Discover what your key risks in retirement will be now so that you can prepare yourself for the future.

The Five Key Risks in Retirement and how to manage them

Understanding risks you may face in retirement has never been more important. The days of relying solely on pension plans and the state scheme to meet retirement income needs are in the past. What’s more, employer-provided private health coverage may not be available in retirement, people are living longer and have more debt than previous generations and many wish to help children and grandchildren, providing further strain on finances. As a result, developing a personal retirement income plan has even more importance.

Shifting from Saving to Receiving Income

During your working years, your focus was saving for retirement. In retirement, your focus shifts to creating a plan to withdraw income from savings to support your spending needs. You may reduce your risk of running out of savings during retirement by understanding and planning for five key retirement income risks:

  1. Longevity. Average life spans are increasing, so your retirement savings may need to last longer than expected.

  2. Market performance. Poor market performance early in your retirement can significantly impact how long your savings will last.

  3. Withdrawal rate. Withdrawing too much can deplete your savings too quickly.

  4. Inflation. Your annual income needs could more than double over the course of your retirement.

  5. Long term care. Costs for providing for care in your later years are expected to increase at a faster pace than inflation.

Retirement Risk #1 : Longevity

Plan for a Long Life

Improved healthcare may extend your life, but living longer could also increase your expenses as you have to pay for a longer retirement. To help ensure your savings last as long as you live, keep the following in mind:

  • Assume your savings need to last longer than the average life expectancy.

  • Consider that you could live 30 years or more in retirement.

  • If you’re married, studies show that you could live longer than those who aren’t.

Retirement Risk #2: Market Performance


Retirement Risk #3: Withdrawal Rate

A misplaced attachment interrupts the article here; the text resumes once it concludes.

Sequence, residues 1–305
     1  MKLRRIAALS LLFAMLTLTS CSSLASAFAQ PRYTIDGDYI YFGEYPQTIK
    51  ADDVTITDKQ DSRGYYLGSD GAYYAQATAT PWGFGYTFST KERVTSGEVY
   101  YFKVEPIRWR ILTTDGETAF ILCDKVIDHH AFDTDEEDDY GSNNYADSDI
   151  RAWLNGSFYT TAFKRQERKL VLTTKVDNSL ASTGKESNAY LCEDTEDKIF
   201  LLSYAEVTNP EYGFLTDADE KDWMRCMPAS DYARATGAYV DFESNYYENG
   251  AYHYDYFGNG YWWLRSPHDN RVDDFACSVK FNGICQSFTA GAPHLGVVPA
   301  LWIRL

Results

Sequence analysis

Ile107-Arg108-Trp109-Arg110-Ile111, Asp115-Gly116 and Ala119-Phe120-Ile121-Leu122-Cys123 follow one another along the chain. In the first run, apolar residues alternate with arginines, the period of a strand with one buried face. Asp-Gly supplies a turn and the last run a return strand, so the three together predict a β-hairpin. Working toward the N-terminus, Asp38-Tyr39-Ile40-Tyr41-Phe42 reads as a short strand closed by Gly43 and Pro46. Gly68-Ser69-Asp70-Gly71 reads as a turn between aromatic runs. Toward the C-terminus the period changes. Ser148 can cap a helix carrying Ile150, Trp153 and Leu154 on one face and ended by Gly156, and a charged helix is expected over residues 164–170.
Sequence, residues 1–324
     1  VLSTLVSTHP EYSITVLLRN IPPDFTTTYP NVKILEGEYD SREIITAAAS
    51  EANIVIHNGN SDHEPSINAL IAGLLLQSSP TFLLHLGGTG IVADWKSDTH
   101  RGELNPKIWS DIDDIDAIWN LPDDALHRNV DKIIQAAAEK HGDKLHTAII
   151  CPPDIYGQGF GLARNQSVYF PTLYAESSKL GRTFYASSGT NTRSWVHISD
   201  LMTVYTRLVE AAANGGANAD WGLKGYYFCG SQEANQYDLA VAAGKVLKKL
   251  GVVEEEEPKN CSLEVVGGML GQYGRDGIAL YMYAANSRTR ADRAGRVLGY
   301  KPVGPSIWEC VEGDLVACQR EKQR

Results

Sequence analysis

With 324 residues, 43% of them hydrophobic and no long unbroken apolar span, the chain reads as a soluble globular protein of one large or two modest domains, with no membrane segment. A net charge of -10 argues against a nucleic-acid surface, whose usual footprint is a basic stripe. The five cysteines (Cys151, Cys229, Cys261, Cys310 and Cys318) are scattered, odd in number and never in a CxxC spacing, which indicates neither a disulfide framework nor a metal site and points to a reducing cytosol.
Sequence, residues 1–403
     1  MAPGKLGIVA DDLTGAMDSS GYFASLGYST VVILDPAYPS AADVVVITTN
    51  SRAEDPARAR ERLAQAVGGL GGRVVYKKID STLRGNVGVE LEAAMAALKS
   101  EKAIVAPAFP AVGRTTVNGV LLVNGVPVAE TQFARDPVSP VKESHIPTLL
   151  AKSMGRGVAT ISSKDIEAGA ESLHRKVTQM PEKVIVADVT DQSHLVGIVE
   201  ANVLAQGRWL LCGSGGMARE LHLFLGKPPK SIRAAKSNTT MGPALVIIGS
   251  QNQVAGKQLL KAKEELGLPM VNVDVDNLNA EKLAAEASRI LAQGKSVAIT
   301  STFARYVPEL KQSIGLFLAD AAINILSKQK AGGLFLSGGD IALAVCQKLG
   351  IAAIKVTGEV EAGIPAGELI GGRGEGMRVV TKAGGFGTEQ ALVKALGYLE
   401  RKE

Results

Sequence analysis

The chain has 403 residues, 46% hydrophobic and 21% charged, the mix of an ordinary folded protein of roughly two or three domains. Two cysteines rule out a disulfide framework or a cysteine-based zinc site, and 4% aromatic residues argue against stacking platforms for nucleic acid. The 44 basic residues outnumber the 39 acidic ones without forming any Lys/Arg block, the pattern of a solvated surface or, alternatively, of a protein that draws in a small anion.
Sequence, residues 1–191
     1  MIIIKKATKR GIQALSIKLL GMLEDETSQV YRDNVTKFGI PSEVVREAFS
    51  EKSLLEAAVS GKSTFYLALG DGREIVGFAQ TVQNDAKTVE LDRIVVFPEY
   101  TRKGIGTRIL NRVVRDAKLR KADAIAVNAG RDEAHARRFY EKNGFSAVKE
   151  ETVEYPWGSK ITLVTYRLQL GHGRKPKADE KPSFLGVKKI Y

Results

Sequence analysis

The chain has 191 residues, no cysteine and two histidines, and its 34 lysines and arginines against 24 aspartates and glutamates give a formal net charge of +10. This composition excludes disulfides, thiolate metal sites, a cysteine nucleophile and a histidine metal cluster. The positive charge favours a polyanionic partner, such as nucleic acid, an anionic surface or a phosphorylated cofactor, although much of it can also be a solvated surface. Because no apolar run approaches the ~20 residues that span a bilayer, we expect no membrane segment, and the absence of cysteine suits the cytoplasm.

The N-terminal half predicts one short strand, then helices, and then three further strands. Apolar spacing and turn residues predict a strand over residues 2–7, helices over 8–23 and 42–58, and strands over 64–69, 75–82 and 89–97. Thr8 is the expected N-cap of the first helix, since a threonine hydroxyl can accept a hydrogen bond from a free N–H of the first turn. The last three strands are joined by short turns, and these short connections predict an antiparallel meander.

Monitor Market Performance and Control Spending

Market performance and withdrawal rate can greatly impact how long your savings may last — particularly if the market performs poorly in the early years of your retirement. The charts below show how savings are affected by two different withdrawal rates in two different market scenarios. Each scenario starts with £500,000 and has a 10.74% average return over time. Although the average return is the same, the specific timing of the poor investment returns is a major factor in the results.

  • The first chart shows a poor early market. At a 6% withdrawal rate, savings ran out in 20 years. On the other hand, at a 4% withdrawal rate, savings lasted more than 30 years.

  • The second chart shows a good early market. Savings lasted more than 30 years at both 4% and 6% withdrawal rates.

  • Many financial professionals suggest withdrawing 4 to 5% or less, adjusted for inflation.

Retirement Risk #4: Inflation

Maintain Your Purchasing Power

Inflation is the general and progressive increase in prices over time. Let’s say you need £50,000 a year to live at retirement. If inflation runs at 3% a year, you’ll need more than £100,000 a year in 25 years to maintain the same standard of living.

The example above is for illustrative purposes only and assumes a 4% annual rate of inflation and annual retirement expenses of £50,000 at the start of retirement.

Retirement Risk Number 5 – Long Term Care costs

The average cost to provide a room with nursing care in a care home is almost £40,000 a year, much more if you are in London or the South East. If you have savings of more than £23,350 you won’t qualify for any financial assistance.

As the average stay in a care home is over four years and one in eight residents will live there for over seven years, the costs can mount up and dramatically affect your wealth in retirement.

Next Steps… Creating a Plan

Now that you know more about the five key risks, its time to create a retirement income plan. A good retirement planning specialist will help you:

  • Determine how much money you need in retirement to cover your lifestyle expenses.

  • Identify all income sources and assets available to help you fund your retirement.

  • Create a clear plan for turning retirement savings into cash flow to help cover your expenses.

  • Determine an appropriate withdrawal rate.

The best retirement planners will consult with you regularly in the months leading up to your retirement – and just as importantly, afterwards – to adjust recommendations and ensure you keep firmly on track.

After all, retirement should be viewed as the beginning of a wonderful new chapter in your life, unshackled from the responsibilities of full time work and free from major worries or concerns. For those reasons, building your own unique retirement income plan will pay you dividends in the years ahead.

Download the eGuide for further retirement advice: Insurance and reinsurance executives’ retirement planning toolkit

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